Jo Confino, The Guardian: Why on earth are many of the world’s most powerful technology companies, including Google, showing a special interest in an 87-year-old Vietnamese Zen Buddhist monk?
The answer is that all of them are interested in understanding how the teachings of Thich Nhat Hanh, or Thay as he is known to his hundreds of thousands of followers around the world, can help their organisations to become more compassionate and effective.
In a sign that the practice of mindfulness is entering the mainstream, Thay has been invited later this month to run a full day’s training session at Google’s main campus …
New Hampshire magazine had a nice piece on some of the meditation facilities and teachers available in the state, and part of the article was about my work.
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The Future of Meditation?
You’d think not much has changed about meditation in the two and a half millennia since Siddhārtha Gautama sat beneath the Bodhi tree and attained enlightenment. After all, it’s hard to modernize a practice that involves little more than sitting down and shutting up.
But according to Bodhipaksa, the founder of wildmind.org, an online meditation resource, meditators have been early adopters of technology ever since the invention of the book. “The world’s oldest printed text was a Buddhist book.” He explains that they
Wildmind’s first iPhone app is available for download from iTunes. And it’s FREE!
This is our first attempt at an app, and it’s very simple.
It simply takes the blog and presents the most recent posts from the news, on practice, reviews, and quote of the month categories.
So it’s simple, but it’s a nice way to read the blog.
And I like to think it looks nice, although I did the graphic design, so I’m biased.
Wow! Our Glass Buddha Project fundraiser is now 118% funded in just three days. Originally I’d allowed 21 days for the fundraising, and aimed to bring in $1633, but we currently have $1933 donated, and 18 days to go. Wow!
I’d never have dreamed that we would exceed our fundraising goal in such a short period of time. Being over-funded is actually really great, because I’d forgotten to factor in Indiegogo’s fees, and I also have to make a trip to NYC to pick up glass. All those expenses are now covered, and since Wildmind is only just scraping by financially at the moment I’m relieved that I don’t have to put anything on our … Read more »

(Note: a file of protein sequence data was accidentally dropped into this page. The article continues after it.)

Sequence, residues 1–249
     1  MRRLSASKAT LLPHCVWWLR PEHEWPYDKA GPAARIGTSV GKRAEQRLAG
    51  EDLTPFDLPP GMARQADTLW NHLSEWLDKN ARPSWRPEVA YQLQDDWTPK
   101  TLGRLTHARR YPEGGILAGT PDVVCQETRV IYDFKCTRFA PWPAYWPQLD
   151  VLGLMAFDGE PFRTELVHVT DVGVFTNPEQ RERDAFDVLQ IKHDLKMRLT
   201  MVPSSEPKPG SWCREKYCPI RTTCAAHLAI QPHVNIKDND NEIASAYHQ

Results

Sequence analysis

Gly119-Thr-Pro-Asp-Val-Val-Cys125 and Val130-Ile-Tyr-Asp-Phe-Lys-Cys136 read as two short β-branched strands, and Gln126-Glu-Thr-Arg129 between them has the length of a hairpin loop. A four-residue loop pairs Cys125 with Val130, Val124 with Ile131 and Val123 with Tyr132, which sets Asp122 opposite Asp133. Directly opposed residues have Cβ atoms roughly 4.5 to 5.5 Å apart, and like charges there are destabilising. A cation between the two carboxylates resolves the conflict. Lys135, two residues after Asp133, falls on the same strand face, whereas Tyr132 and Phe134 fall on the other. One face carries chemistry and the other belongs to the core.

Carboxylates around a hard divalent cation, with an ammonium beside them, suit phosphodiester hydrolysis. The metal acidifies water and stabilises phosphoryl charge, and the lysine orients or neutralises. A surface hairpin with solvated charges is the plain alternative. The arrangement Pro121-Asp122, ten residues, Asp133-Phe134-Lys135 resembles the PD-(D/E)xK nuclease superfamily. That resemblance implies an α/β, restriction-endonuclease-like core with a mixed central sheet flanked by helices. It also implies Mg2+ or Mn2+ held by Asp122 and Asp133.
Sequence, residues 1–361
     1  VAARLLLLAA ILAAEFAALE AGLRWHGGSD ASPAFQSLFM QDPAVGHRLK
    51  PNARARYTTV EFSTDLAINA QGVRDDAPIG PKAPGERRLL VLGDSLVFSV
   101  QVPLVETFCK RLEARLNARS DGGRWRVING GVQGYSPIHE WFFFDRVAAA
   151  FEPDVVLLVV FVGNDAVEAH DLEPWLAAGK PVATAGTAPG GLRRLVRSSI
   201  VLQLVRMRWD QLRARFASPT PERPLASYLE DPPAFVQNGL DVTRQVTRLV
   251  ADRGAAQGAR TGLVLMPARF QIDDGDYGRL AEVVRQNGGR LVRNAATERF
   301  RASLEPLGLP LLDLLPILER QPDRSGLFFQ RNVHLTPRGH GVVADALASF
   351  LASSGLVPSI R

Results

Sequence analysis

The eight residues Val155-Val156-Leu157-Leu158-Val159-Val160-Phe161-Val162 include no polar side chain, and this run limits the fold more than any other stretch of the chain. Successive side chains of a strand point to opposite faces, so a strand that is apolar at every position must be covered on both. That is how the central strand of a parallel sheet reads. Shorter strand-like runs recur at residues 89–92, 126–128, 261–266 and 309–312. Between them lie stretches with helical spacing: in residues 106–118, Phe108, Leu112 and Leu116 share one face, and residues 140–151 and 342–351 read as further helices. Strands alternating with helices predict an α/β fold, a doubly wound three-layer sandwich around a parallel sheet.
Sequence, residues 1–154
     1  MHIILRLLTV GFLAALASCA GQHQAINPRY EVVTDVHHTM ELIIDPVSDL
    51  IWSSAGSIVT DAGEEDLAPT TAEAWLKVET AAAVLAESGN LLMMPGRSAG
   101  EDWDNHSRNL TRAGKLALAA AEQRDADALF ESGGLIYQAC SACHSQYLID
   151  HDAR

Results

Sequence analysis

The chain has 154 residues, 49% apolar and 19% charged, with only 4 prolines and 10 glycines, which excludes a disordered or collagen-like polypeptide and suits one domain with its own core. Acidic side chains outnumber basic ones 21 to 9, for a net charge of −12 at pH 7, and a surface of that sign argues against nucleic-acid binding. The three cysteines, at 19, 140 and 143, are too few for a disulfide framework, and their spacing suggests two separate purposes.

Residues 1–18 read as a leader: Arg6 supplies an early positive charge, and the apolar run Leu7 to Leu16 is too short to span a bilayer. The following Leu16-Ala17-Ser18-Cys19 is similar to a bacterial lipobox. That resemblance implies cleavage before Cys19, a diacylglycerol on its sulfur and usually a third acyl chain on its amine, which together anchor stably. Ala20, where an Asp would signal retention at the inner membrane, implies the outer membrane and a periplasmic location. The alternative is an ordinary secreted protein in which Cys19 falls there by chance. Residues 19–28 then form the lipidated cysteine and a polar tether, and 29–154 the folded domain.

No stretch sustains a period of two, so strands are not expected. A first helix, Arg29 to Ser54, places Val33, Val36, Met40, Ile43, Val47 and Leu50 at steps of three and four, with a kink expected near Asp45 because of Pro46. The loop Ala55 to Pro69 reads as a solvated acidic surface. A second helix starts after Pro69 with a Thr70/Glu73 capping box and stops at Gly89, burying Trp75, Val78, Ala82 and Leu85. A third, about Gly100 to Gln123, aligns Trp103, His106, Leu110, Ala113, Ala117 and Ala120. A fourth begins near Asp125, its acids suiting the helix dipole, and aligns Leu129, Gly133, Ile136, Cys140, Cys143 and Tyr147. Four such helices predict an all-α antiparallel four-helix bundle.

I’m fascinated by technology and committed to exploring ways to teach meditation more effectively. I want to use technology to reach as many people as possible in our global village, so that we can spread the benefits of mindfulness and compassion.
An amazing opportunity has come up. I won a competition and was selected by Google to explore the potential of Google Glass, the new wearable computing gizmo with a head-mounted display, voice recognition, and audio and visual recording capabilities.
This could be an amazing tool for teaching.
I’m now officially a Google Glass Explorer (or #GlassExplorer)!
You’ve probably heard of Google’s “Project Glass.” It’s the virtual reality display that sits on your face like glasses, and allows you to receive and send messages, or to make video or audio recordings.
Here’s a video, giving you a first person view of “what it’s like.”
I’ve been officially selected to try out Google glass, based on a submission I wrote for their competition.
On Feb 26 I wrote:
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#ifihadglass it would be to use it as a mindfulness teaching tool, plucking moments of beauty from ordinary life, creating full-immersion audiovisual haikus to share with the world, showing how every moment is a opportunity for
Watch this video. And ask others to watch it.
Of course in a sense our screens are doing no more to us than presenting us with sensory input, or opportunities for sensory input. And so the question is more “what are we doing with our screens,” or even “what are we losing while we are attending to the input from our screens.”
In my case, one of the significant things I’m losing is the quality and quantity of my sleep. I stay up too late reading. I always (thanks to the Zite and Pocket apps) have plenty of thought-provoking articles queued up, ready to read. As a consequence I end up being chronically sleep-deprived. I’m … Read more »
As you probably know, I’m keen on seeing how technology can be harnessed to enhance spiritual practice in the modern world. Wildmind was the first website, as far as I’m aware, to attempt to offer a systematic and comprehensive guide to meditation. We also were ahead of the game in offering online courses in meditation, way back in 2002. And our Google+ Community is an outstanding example of how the internet can be used to create a supportive and encouraging spiritual community.
So I was very interested to hear that Google was looking for people to explore their new virtual reality glasses, Project Glass. Here’s the gist:
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We’re looking for bold, creative individuals who want
This is an excellent phone etiquette idea. People often want to spend more time texting the people they’re not with than paying attention to the people they are with, and in doing so they deprive themselves of the opportunity to make rich emotional connections with others.
We need to develop ways, like this one, of dealing with our addictions to technology and to multitasking. Otherwise we risk becoming road-kill on the information superhighway.